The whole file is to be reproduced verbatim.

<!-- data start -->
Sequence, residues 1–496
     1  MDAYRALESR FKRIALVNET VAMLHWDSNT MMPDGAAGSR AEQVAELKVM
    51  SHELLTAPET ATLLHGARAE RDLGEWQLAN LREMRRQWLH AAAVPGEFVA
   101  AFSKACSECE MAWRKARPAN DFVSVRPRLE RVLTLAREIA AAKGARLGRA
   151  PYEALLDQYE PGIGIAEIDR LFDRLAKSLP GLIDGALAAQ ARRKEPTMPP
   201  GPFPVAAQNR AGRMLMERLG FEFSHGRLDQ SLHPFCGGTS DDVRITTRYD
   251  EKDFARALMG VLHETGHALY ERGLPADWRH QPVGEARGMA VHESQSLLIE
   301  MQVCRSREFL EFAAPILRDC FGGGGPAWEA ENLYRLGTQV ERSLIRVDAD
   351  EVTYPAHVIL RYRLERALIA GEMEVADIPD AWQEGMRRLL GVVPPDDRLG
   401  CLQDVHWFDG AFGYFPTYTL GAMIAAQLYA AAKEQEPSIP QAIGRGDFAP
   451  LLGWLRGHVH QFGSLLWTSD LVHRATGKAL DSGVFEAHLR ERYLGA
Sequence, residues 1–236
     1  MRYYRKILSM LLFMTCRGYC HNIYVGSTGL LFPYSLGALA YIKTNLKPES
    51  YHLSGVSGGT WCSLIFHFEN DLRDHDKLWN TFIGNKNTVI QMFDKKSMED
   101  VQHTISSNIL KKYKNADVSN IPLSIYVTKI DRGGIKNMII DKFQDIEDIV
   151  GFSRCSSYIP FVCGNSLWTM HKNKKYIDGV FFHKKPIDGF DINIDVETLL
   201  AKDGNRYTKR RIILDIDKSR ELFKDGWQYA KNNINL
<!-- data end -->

Sequence, residues 1–496
     1  MDAYRALESR FKRIALVNET VAMLHWDSNT MMPDGAAGSR AEQVAELKVM
    51  SHELLTAPET ATLLHGARAE RDLGEWQLAN LREMRRQWLH AAAVPGEFVA
   101  AFSKACSECE MAWRKARPAN DFVSVRPRLE RVLTLAREIA AAKGARLGRA
   151  PYEALLDQYE PGIGIAEIDR LFDRLAKSLP GLIDGALAAQ ARRKEPTMPP
   201  GPFPVAAQNR AGRMLMERLG FEFSHGRLDQ SLHPFCGGTS DDVRITTRYD
   251  EKDFARALMG VLHETGHALY ERGLPADWRH QPVGEARGMA VHESQSLLIE
   301  MQVCRSREFL EFAAPILRDC FGGGGPAWEA ENLYRLGTQV ERSLIRVDAD
   351  EVTYPAHVIL RYRLERALIA GEMEVADIPD AWQEGMRRLL GVVPPDDRLG
   401  CLQDVHWFDG AFGYFPTYTL GAMIAAQLYA AAKEQEPSIP QAIGRGDFAP
   451  LLGWLRGHVH QFGSLLWTSD LVHRATGKAL DSGVFEAHLR ERYLGA
Sequence, residues 1–236
     1  MRYYRKILSM LLFMTCRGYC HNIYVGSTGL LFPYSLGALA YIKTNLKPES
    51  YHLSGVSGGT WCSLIFHFEN DLRDHDKLWN TFIGNKNTVI QMFDKKSMED
   101  VQHTISSNIL KKYKNADVSN IPLSIYVTKI DRGGIKNMII DKFQDIEDIV
   151  GFSRCSSYIP FVCGNSLWTM HKNKKYIDGV FFHKKPIDGF DINIDVETLL
   201  AKDGNRYTKR RIILDIDKSR ELFKDGWQYA KNNINL